In general, interventional diagnostic tests are not typically used in the evaluation of xerostomia, but you may need to have some diagnostic tests if there is a concern that your dry mouth could be caused by an undiagnosed medical condition. For example, a blood test can help identify diabetes, thyroid disease, and Sjögren’s Syndrome.

Treatment

There are a number of approaches for managing dry mouth, including maintaining your comfort, preventative strategies, and medication.

Comfort

Keeping your mouth moist often works as an immediate treatment that you can do at home. Sipping water regularly or sucking on ice chips throughout the day may help. You may also want to use a humidifier at night.

Lip balms and salves can help relieve dry and cracked lips. You may want to avoid salty foods, acidic juices, and dry foods, as they can irritate a dry mouth.

Lifestyle Strategies

Sugar-free chewing gums, sugar-free lemon drops, or lozenges can help to coax the production of saliva. It is important to limit sugar, as it can promote cavities, especially if you have a decrease in saliva.

Consistent oral hygiene is important if you have dry mouth. Regular brushing, flossing, and rinsing your mouth can help clear out food particles and prevent bacterial growth and gum disease.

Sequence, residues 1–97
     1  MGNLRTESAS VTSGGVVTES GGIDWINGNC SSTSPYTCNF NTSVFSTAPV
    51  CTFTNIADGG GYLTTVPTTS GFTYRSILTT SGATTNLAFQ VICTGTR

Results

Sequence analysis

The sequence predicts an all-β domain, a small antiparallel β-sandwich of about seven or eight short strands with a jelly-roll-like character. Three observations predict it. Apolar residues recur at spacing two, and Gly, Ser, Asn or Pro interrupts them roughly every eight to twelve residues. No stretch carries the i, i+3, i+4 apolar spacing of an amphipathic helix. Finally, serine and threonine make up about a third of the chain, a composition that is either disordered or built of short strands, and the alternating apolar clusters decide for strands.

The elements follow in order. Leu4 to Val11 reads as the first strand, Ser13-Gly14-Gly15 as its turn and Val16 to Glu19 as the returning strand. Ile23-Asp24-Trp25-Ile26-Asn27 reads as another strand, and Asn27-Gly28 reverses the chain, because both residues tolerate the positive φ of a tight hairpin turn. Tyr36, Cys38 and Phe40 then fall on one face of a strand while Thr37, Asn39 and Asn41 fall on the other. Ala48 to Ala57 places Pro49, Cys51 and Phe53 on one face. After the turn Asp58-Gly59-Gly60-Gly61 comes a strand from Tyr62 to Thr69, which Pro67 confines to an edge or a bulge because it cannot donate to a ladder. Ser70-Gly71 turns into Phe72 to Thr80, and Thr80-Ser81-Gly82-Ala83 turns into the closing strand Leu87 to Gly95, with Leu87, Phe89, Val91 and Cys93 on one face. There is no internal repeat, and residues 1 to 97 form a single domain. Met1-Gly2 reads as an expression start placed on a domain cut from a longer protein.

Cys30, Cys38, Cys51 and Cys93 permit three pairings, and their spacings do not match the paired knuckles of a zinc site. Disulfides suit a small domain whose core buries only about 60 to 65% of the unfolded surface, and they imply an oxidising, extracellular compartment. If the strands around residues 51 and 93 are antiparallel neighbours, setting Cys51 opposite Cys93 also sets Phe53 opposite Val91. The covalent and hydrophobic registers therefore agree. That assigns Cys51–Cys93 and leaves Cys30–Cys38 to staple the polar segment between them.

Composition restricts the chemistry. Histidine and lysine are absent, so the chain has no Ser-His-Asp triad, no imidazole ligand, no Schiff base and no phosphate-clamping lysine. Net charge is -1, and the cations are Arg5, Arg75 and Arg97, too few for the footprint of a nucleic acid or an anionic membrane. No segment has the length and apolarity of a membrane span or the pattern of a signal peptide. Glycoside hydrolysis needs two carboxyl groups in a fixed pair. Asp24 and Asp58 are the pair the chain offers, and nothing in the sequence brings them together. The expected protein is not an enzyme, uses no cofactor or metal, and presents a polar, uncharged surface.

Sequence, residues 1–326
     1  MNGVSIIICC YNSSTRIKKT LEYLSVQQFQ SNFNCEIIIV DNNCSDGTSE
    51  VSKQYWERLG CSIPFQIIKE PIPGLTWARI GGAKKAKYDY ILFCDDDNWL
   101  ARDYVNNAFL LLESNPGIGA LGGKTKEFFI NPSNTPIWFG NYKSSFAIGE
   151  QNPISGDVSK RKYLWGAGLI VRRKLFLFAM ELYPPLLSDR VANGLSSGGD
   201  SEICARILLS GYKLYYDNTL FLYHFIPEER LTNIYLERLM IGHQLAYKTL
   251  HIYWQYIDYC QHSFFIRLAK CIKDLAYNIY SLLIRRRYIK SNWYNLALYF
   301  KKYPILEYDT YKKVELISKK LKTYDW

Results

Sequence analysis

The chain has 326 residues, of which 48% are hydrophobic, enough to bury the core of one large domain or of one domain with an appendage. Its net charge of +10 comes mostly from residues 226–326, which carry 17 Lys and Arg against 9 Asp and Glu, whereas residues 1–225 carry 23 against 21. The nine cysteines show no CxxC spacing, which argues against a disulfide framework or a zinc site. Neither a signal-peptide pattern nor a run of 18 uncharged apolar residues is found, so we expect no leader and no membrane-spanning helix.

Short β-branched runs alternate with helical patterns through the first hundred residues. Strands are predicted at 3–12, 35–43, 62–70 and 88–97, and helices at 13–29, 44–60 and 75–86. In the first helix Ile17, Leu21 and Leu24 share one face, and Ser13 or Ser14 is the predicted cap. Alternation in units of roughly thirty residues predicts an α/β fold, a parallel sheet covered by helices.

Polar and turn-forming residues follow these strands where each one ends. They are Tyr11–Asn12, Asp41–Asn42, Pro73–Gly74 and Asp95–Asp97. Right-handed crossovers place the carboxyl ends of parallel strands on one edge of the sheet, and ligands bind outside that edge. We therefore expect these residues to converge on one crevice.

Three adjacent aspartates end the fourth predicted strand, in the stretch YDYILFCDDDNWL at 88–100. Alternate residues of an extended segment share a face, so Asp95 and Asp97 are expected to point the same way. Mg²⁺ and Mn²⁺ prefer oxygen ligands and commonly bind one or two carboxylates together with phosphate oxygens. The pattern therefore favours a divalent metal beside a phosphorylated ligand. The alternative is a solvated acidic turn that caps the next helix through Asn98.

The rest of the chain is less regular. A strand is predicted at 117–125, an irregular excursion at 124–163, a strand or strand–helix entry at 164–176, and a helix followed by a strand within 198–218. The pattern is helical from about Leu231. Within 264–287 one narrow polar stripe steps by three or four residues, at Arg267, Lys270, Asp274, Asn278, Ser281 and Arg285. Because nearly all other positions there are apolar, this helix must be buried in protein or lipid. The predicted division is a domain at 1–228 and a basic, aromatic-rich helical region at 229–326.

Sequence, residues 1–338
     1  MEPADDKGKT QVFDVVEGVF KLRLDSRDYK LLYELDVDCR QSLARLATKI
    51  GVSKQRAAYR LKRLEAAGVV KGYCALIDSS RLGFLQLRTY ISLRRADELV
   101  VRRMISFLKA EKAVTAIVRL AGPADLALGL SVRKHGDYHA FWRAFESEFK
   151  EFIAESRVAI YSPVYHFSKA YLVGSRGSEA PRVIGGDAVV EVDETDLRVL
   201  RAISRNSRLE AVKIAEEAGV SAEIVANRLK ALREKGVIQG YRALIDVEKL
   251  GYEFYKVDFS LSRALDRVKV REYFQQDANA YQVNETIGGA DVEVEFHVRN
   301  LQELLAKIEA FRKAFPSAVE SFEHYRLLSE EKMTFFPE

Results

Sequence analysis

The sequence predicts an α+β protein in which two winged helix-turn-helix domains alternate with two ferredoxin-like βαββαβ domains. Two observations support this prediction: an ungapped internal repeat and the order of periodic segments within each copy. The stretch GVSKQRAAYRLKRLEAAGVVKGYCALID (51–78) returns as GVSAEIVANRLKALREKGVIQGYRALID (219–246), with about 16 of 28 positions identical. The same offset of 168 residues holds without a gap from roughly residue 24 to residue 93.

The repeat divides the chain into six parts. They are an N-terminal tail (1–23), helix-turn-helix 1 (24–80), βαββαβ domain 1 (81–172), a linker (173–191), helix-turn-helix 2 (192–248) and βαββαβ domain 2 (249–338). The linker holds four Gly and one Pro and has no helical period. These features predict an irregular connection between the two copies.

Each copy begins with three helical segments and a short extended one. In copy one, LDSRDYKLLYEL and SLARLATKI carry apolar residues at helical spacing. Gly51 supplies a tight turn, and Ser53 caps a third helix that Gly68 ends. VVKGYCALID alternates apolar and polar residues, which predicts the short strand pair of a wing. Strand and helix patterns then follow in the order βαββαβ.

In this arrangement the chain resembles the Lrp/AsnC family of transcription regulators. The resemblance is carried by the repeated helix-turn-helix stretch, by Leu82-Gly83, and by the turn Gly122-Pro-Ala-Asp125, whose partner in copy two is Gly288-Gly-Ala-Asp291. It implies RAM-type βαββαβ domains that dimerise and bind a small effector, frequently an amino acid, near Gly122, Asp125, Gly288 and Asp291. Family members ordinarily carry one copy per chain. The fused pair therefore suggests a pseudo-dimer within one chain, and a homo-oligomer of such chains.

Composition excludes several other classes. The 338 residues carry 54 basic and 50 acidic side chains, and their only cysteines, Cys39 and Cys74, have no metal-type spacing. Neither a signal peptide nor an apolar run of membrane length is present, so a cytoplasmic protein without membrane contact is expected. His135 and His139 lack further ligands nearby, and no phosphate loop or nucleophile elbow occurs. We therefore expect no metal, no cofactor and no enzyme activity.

Avoid smoking, alcohol, and caffeine when you have dry mouth. Alcohol, which is present in many types of mouthwash, may dry your mouth further and make your symptoms worse, so be sure to use an alcohol-free mouthwash.

Medication

If your dry mouth is due to a medication side effect, your doctor may be able to adjust your dosage or change your prescription.

In some cases, artificial saliva can help lubricate your mouth, counteracting some of the effects of dry mouth. Prescription medications such as Evoxac (cevimeline) and Salagen (pilocarpine) can help stimulate the production of saliva, and your doctor may give you a prescription if you need it.

A Word From Verywell

Dry mouth is a relatively common condition. If you have a dry mouth or any of the other effects, you can speak with your doctor or dentist about it. At-home strategies are often helpful for managing the symptoms.

If your dry mouth is caused by a medical problem, however, it is best to follow your doctor or dentist's advice so that the condition will not continue to worsen—potentially resulting in complications.